The Future of NAFTA Remains Uncertain Under President Donald Trump

When the North American Free Trade Agreement was first brokered in 1994, it established one of the largest free-trade spaces in the world between the United States, Canada, and Mexico. But if president-elect Donald Trump has his way come January 20, NAFTA will fast become a relic of the past.

One of the primary items on Trump’s first 100 days to-do list, as detailed in his “Contract With the American Voter” released in late October, is “to renegotiate NAFTA or withdraw from the deal” altogether. After his election victory on November 8, his future international trade partners are waiting to see what might actually transpire.

Canadian Prime Minister Justin Trudeau congratulated Trump on his win and expressed a willingness to discuss future trade negotiations.

“We’re hearing people on both sides of the border saying they just want a fair chance to succeed,” Trudeau said in a conference in Ottawa earlier this week. “If the Americans want to talk about NAFTA, I’m more than happy to talk about it.”

On the opposite border of the U.S., however, Mexican Economy Minister Ildefonso Guajardo seemed more cautious in his approach.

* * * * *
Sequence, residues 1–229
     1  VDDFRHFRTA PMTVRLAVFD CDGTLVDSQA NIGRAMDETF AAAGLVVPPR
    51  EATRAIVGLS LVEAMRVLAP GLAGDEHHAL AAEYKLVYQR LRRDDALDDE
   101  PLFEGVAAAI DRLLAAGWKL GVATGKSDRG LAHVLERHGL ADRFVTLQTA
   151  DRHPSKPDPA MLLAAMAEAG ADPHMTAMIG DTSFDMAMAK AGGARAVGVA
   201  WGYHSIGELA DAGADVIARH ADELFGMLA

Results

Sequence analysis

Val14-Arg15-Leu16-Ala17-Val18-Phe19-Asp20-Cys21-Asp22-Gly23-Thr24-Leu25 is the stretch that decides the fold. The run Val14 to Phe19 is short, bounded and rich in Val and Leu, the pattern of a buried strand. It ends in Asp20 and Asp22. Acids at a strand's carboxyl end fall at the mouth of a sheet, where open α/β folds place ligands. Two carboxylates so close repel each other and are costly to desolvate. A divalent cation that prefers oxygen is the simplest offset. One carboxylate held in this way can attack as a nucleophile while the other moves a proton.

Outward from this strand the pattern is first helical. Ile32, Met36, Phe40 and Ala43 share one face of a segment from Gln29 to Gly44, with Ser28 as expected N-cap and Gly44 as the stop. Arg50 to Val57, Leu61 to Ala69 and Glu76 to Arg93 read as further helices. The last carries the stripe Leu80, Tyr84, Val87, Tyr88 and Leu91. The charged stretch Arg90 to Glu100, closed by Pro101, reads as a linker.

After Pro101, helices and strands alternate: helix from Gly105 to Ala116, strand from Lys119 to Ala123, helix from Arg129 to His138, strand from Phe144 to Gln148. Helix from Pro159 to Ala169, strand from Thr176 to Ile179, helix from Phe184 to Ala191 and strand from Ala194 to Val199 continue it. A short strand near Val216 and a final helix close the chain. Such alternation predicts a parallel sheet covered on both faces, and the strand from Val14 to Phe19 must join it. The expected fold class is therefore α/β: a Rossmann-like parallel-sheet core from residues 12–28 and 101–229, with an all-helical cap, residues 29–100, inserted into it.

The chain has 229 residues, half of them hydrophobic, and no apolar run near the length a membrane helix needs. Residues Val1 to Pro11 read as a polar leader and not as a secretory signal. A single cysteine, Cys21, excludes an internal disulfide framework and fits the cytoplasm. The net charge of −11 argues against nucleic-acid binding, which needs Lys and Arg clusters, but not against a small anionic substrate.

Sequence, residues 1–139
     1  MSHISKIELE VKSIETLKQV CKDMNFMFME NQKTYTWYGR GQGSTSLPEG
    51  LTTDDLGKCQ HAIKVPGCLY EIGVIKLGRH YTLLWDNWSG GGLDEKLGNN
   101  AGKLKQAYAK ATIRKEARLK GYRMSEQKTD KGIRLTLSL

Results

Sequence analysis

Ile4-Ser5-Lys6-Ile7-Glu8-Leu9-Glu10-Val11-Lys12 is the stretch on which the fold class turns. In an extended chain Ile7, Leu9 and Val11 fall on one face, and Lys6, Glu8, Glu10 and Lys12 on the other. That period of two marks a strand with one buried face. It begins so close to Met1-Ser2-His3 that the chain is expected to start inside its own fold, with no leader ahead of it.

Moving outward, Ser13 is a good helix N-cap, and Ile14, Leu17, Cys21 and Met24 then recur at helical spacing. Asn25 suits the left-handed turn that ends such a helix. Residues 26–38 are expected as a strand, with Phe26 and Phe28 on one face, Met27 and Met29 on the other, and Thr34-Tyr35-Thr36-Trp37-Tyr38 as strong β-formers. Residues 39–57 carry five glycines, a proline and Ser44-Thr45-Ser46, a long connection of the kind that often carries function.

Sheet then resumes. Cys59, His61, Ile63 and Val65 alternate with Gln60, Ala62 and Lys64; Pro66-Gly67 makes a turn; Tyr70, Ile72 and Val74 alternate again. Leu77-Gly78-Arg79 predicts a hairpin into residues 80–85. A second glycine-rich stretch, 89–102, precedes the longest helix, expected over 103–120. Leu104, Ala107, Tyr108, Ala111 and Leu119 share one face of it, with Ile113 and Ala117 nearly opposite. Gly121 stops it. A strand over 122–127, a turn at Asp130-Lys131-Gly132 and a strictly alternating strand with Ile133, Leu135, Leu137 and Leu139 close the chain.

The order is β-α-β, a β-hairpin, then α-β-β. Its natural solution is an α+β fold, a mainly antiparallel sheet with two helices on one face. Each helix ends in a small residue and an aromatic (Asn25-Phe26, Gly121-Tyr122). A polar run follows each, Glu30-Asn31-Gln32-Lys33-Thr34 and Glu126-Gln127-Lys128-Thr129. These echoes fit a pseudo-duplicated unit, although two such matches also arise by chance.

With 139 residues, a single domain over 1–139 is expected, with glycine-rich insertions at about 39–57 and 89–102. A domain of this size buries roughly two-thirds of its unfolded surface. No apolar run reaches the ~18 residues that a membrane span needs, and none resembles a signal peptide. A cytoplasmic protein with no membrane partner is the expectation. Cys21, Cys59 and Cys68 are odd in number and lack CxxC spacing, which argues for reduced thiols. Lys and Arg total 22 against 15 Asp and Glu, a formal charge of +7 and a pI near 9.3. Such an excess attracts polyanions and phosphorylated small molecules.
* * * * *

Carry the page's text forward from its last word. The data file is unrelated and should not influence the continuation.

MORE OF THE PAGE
“We’re ready to talk so we can explain the strategic importance of NAFTA for the region,” Guajardo said, with a caveat: “Here we’re not talking about… renegotiating it, we’re simply talking about dialogue.”

In many respects, an end to NAFTA would have a disproportionately negative effect on relations with Mexico compared to Canada. Mexican factory exports have increased 13% since 2012 with the U.S. as a principal trade partner, absorbing more than 81% of all of the country’s exported goods. A sudden tariff placed on that trade could severely impact the cost of manufacturing goods, as well as the strength of the Mexican economy itself.

On the other hand, Canada is the top importer of U.S. goods. Though Trump’s principal rationale for abolishing NAFTA is to save American jobs from crossing borders, a tax levied on U.S. exports to Canada could ironically damage the many U.S. businesses that rely on that free trade for survival.

“I really think Canada is in an enviable position here,” said Stockwell Day, a former Canadian trade minister. “They’re going to treat trade differently, but we’ve never really heard [Trump] talking about massive numbers of factory jobs going to Canada.”

With more than two months remaining until his official inauguration, the future of NAFTA under a Trump administration remains pure speculation. After all, only 8% of all people ever accomplish their New Year’s resolutions, so whether his “100 Days” plan will produce any real changes remains to be seen.

“The range of potential actions that could be taken at the moment is very wide,” said Peter Hall, vice president and chief economist of Export Development Canada. “Elections are full of rhetoric. You never know if that’s going to turn into reality, and that’s the big dilemma at the moment.”

inclue@inclue.com'

Author: Inclue

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